This is so easy yet it’s difficult.
It’s easy because we know why, but difficult because it’s exactly how we got here.
Let’s start with the easy part.
When you live in a world where it seems that the bottom line is the most important thing, how could and why would people think art matters?
When people are worried about getting and keeping jobs, putting food on the table and paying bills, why would they think art matters? Do they even have time?
When society is seemingly obsessed with money, power, fame, success, politics, winning and whatever else, how can art really matter?
When many people in the art world insist on keeping art shrouded in mystery and treat it like a commodity to be traded on the New York Stock Exchange, why should people think art matters to them?
When an artist’s gold-plated, human waste can sell for $500,000 … by the way, yes THAT IS art … does art matter?
That’s exactly how we got here.
And yet, I dare say that every single day, you can easily find some art student, struggling artist, art teacher, art curator, art dealer, art museum director or even art collector secretly shaking in their boots and wondering whether they’ve done the right thing by giving so much of their time to something they love so much that they don’t want to live without it … even though they could … if their lives depended on it, which thank God, it does not.
Phew! That was one long sentence.
Years ago, I spoke to group of college art students. Before I entered the auditorium, the professor politely and shyly said to me, “Be gentle with them. These kids eat, sleep and breathe art.”
As I think back now, this really seems a little heartbreaking … one … because the professor felt that he had to say that to even someone like me, who loves art … and two … because we both knew that those students hadn’t made it there without some heavy and ongoing soul searching about their lives and their decisions to major in art or art history.
Has “contemporary art” ever been a decision steeped in practicality and financial security? I think not.
Also years ago, I recall chatting with an art dealer at Art Chicago (now Expo Chicago). I think I’ve told you about this before. When I asked the dealer how things were going, the dealer replied …
“Well … we’re trying to sell people things that they don’t NEED!”
With that, I changed the subject. That statement says it all, does it not? How can people think something matters if they don’t believe they need it? That’s common sense, not love or passion. Fear and worry strike again. Fear and worry are those identical twins that ruin everything, aren’t they?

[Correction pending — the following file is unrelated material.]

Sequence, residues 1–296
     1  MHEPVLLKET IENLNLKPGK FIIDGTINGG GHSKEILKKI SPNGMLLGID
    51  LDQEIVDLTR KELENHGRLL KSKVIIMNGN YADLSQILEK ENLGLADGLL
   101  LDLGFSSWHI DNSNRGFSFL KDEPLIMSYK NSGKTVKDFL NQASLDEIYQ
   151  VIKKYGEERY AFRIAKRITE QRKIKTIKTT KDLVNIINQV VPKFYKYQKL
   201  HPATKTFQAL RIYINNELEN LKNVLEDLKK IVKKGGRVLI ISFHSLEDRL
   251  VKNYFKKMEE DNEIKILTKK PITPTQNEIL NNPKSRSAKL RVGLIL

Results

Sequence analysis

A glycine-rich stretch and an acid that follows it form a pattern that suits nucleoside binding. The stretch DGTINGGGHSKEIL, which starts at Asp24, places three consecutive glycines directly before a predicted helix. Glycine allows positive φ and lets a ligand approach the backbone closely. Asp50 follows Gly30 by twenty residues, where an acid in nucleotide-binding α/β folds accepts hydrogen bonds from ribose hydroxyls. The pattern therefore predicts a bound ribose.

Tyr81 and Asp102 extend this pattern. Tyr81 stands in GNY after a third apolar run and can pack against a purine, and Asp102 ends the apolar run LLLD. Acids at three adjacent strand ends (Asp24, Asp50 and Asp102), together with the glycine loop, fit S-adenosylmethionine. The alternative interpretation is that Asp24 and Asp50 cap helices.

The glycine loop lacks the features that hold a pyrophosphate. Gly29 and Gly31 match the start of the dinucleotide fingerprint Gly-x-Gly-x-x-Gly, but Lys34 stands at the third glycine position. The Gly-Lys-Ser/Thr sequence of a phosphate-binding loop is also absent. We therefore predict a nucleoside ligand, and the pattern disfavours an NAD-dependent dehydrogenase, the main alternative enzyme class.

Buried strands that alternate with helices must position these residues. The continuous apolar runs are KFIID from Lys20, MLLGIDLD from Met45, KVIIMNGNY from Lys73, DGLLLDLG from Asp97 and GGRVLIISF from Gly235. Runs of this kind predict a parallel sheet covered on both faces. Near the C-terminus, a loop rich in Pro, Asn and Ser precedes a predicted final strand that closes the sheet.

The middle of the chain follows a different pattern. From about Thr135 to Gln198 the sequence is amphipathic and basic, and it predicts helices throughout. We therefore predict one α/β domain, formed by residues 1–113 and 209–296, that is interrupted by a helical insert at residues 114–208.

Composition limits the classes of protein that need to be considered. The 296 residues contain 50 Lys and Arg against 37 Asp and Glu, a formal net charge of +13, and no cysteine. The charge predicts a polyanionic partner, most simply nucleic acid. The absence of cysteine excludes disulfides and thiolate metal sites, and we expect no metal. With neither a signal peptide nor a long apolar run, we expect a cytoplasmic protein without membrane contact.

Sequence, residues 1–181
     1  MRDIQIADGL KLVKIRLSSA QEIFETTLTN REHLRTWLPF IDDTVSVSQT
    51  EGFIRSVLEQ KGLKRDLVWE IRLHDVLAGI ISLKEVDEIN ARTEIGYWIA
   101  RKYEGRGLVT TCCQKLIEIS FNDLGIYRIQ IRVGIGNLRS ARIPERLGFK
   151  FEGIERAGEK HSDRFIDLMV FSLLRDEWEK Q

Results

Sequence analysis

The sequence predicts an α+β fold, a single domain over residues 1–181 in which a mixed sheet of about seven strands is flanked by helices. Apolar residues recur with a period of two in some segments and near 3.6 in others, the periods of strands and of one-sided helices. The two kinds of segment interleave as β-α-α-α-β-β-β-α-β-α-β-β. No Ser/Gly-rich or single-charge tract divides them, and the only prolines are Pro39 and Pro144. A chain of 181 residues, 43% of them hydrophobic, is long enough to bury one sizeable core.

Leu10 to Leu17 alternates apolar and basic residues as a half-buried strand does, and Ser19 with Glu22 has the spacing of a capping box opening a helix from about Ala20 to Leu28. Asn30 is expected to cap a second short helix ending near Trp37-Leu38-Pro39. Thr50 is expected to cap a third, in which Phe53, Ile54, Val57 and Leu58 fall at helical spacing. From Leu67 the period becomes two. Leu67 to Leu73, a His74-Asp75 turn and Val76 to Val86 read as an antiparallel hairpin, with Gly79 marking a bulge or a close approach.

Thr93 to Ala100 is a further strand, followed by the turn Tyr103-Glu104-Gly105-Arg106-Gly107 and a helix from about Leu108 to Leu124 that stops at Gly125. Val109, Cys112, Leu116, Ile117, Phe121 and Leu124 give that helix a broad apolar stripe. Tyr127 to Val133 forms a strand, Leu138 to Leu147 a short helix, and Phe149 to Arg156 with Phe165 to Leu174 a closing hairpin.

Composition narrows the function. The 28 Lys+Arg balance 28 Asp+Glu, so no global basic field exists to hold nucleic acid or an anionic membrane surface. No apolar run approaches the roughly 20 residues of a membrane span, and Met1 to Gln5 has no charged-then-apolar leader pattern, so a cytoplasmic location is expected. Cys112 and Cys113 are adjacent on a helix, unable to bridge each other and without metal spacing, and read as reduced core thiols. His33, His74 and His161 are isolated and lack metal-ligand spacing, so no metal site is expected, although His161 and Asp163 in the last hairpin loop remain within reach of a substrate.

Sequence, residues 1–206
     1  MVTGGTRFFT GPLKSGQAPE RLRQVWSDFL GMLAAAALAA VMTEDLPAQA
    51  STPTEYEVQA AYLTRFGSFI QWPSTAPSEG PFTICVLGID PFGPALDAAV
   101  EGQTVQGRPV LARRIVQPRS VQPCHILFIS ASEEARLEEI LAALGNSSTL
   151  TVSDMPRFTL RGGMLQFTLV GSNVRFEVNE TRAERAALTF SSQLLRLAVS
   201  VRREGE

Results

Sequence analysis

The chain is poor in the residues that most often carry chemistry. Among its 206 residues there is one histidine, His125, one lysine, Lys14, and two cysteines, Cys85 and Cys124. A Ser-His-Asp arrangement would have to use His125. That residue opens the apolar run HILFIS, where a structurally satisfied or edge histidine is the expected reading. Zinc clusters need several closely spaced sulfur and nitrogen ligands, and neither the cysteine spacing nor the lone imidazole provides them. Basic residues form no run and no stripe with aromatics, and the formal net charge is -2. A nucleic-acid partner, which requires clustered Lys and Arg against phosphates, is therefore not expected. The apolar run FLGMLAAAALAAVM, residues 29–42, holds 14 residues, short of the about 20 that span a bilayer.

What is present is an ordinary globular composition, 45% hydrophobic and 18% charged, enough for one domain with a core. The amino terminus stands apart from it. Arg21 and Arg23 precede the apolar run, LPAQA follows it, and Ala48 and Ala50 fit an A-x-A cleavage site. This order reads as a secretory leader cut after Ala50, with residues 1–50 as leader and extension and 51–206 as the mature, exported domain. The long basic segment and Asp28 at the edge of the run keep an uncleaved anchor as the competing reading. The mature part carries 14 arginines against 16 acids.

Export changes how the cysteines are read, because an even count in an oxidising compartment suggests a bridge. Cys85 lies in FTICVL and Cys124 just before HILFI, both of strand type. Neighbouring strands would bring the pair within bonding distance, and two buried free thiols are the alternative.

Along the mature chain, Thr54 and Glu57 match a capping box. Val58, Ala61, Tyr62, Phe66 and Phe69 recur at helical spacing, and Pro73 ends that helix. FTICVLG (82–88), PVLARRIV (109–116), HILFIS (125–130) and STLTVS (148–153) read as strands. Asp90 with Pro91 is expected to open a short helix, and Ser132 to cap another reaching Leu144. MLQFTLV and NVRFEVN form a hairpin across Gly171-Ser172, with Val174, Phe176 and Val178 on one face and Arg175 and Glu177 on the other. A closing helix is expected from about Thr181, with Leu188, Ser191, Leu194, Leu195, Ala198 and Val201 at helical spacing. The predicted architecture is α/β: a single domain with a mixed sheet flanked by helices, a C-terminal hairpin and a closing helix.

“You have to do what’s practical!” “You have to make money!” “You have to keep a roof over your head!” “You have to pay your bills!” “What kind of future are you going to have with art?” “George, did you hear? He says he’s going to major in art!” “WHAT? Oh my God!” “My tuition money down the tubes!”
Those voices in your head (and in actuality) never go away. They are passion killers … if you allow them to be. At some point, you must ask yourself, “What’s the point in being a well-paid, computer programmer, attorney or brain surgeon if I’m going to be unhappy and dead to life every day?”
Still, being well paid does have its advantages.
Pursuing your passion ain’t easy. As soon as you name it, an uphill battle comes to claim it. It comes out of nowhere. All of that work, worry, stress, blood, sweat, tears, bad dreams and tossing and turning in the wee hours for …
Art? Worse yet, contemporary art? Pardon me while I throw up in my mouth.
There’s got to be an easier way. Even in the best of economic times, art walks on wobbly legs. The threat of the bubble is always floating overhead.
And yet, when little kids pick up a paintbrush for the first time, some of them do it even better than picking up a fork for the first time. And yet, when people come to my home and see all of my art, I can literally SEE the art giving them LIFE. They WAKE the hell UP. And yet, when people go on vacations to some of the world’s top cities, what are the first places they go visit? Art museums. And yet, many people, after either retiring or at least getting some free time on their hands, what do they do? They take up painting … or dancing … or suddenly, they want to write a book.
It’s like a primal calling … a calling that we follow early on, but surrender later on because society tells us that there’s something more pressing … something more practical … something more adult ... something smarter and more steeped in reality.
And then, everyday, a little piece of you either dies or gets pushed down into the recesses of self doubt, frustration and anger. This is the pathway to the dark side. Literally. I have absolutely no scientific proof to back this up, but I’d be willing to bet my entire art collection that if some of these young men who commit school shootings had early and prolonged engagement with art, I wouldn’t even be able to type these words right now because school shootings wouldn’t be an issue. But who am I to say such things?
I don’t know. It’s so easy yet it’s difficult, isn’t it? It’s also exactly how we got here.
Does art matter?